Popular etymology identified the symbol with the initial letter of centum, " hundred."
This etymology, however, is not much in favour now.
The folk-etymology of the word Passover given in Exod.
Perhaps the etymology ought to be sought in quite another direction, namely, in the likeness to Suomi.
The etymology of the word is uncertain, but it has been taken to be connected with a root meaning "to twist."
The etymology of rivus and ripa is disputed; some scholars refer both to the root ri-, to drop, flow; others take ripa to be from the root seen in Gr.
A Catholic commentator of the 16th century, Hieronymus ab Oleastro, seems to have been the first to connect the name " Jehova " with howah interpreting it contritio, sive pernicies (destruction of the Egyptians and Canaanites); Daumer, adopting the same etymology, took it in a more general sense: Yahweh, as well as Shaddai, meant " Destroyer," and fitly expressed the nature of the terrible god whom he identified with Moloch.
Balaam; the etymology of the name is uncertain), a prophet in the Bible.
Symbolizing, "a vain crowd of contrary and warring opinions"; and again9 as "vain people"; both phrases being based on a mistaken etymology of the name Balaam.
This Greek word corresponds to New the idea suggested by the etymology of at-one-ment, the re-uniting in amity of those at variance, a sense which the word had in the 17th century but has since lost.
In fact, as well as in Celtic etymology, it was " the town in the forest."
Among the numerous conjectures which have been made as to the etymology of the term Africa ('Acppucii) may be quoted that which derives it from the Semitic radical.
But opposed to this etymology is the fact that the word cagot is first found in the for of Beam not earlier than 1551.
The etymology of the name (for which several derivations have been proposed) and the origin of the town are equally uncertain, and there is not a single monument of antiquarian interest upon which to found a conjecture.
The still later form of the legend, a product of the Hellenistic period, is due to a mistaken etymology of the name.
The etymology of the word Mahratta (Maratha) is uncertain.
For Pallas, he prefers the old etymology from, raXXw (to "shake"), rather in the sense of "earth-shaker" than "` lance-brandisher."
It is probable then that there is a triple popular etymology in the various forms of writing the name Assur; viz.
Popular etymology has connected the word with "good"; this is exemplified by the corruption of "God be with you" into "good-bye."
The name Rhine, which is apparently of Celtic origin, is of uncertain etymology, the most favoured derivations being either from der Rinnende (the flowing), or from Rein (the clear), the latter being now the more generally accepted.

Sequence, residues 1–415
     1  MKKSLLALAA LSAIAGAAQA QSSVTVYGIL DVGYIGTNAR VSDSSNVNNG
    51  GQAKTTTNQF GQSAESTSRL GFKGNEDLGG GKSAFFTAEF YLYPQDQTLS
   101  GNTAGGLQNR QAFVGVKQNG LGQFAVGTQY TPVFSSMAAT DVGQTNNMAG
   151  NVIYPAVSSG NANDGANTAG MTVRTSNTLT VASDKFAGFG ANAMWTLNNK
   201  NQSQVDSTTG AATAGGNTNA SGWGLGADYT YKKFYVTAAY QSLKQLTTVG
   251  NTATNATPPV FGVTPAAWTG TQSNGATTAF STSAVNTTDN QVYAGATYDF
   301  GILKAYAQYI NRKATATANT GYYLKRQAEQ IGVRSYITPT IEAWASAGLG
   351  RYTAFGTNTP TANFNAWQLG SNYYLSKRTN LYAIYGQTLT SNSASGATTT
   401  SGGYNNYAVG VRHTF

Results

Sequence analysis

But there is an initial difficulty about the Greek rendering itself, as no satisfactory etymology of Bar-nabas in this sense has as yet been suggested.
R4 seq., intended to give an etymological interpretation of the name Yahweh," his etymology is any better than many other paronomastic explanations of proper names in the Old Testament, or than, say, the connexion of the name 'A7roXXcwv with airo?ovwv, 6.7roXuwv in Plato's Cratylus, or the popular derivation from eurOXXvµe.
Popular etymology has given the word its present form, as if it meant "wing-flapper," from "lap," a fold or flap of a garment.
"Queer," which has much the same meaning, is of doubtful etymology, but is generally taken as adapted from Ger.
25 a popular etymology is given of his name - Adam's wife called his name Seth, "For God," saith she, "bath appointed, shath, me another seed instead of Abel."
But in any case the Greek language hardly offered another word for an organ of revelation so colourless as arp04, rns, while the condition of etymology among the ancients made it possible to interpret it as having a special reference to prediction (so Eusebius, Dem.
By this party, as appears from this tradition, the Ghuzz were not considered to be genuine Turks, but to be Turkmans (that is, according to a popular etymology, resembling Turks).
Agglomerations of consonants are often met with as initials, giving the appearance of telescoped words - an appearance which historical etymology often confirms. IVlany of these initial consonants are silent in the dialects of the central provinces, or have been resolved into a simpler one of another character.
2 The etymology and original meaning of parricidium are doubtful.
However, it is practically certain, both from the etymology of the word Purim and from the resemblance of the festivals, that the feast, as represented in the Book of Esther, was borrowed from the Persians, who themselves appeared to have adapted it from the Babylonians.
No satisfactory etymology of the name has been suggested.